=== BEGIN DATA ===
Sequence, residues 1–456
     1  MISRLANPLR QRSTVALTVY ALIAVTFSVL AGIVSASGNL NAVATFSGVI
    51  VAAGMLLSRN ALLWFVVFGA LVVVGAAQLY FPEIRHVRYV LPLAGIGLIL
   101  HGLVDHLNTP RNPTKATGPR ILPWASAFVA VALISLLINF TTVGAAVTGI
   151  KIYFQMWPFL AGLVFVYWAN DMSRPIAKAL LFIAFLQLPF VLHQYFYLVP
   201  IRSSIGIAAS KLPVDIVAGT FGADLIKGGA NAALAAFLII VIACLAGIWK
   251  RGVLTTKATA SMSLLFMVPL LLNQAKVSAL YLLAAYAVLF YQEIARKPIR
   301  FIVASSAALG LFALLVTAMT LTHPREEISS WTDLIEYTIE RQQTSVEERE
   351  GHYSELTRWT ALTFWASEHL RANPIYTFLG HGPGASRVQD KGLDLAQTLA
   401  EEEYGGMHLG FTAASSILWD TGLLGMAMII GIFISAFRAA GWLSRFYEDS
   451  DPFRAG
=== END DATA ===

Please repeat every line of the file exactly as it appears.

Sequence, residues 1–456
     1  MISRLANPLR QRSTVALTVY ALIAVTFSVL AGIVSASGNL NAVATFSGVI
    51  VAAGMLLSRN ALLWFVVFGA LVVVGAAQLY FPEIRHVRYV LPLAGIGLIL
   101  HGLVDHLNTP RNPTKATGPR ILPWASAFVA VALISLLINF TTVGAAVTGI
   151  KIYFQMWPFL AGLVFVYWAN DMSRPIAKAL LFIAFLQLPF VLHQYFYLVP
   201  IRSSIGIAAS KLPVDIVAGT FGADLIKGGA NAALAAFLII VIACLAGIWK
   251  RGVLTTKATA SMSLLFMVPL LLNQAKVSAL YLLAAYAVLF YQEIARKPIR
   301  FIVASSAALG LFALLVTAMT LTHPREEISS WTDLIEYTIE RQQTSVEERE
   351  GHYSELTRWT ALTFWASEHL RANPIYTFLG HGPGASRVQD KGLDLAQTLA
   401  EEEYGGMHLG FTAASSILWD TGLLGMAMII GIFISAFRAA GWLSRFYEDS
   451  DPFRAG